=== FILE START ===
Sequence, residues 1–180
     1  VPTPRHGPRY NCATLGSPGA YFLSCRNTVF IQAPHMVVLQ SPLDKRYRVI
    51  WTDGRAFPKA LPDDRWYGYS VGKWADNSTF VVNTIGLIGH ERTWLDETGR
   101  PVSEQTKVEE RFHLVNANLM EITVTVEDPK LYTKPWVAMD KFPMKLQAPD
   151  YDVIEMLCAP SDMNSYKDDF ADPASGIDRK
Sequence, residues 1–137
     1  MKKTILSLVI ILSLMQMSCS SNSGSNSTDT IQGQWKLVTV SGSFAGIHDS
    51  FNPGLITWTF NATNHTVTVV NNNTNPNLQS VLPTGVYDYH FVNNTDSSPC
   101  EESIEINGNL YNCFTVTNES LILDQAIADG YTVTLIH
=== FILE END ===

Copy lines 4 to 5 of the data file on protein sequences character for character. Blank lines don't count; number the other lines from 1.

   101  PVSEQTKVEE RFHLVNANLM EITVTVEDPK LYTKPWVAMD KFPMKLQAPD
   151  YDVIEMLCAP SDMNSYKDDF ADPASGIDRK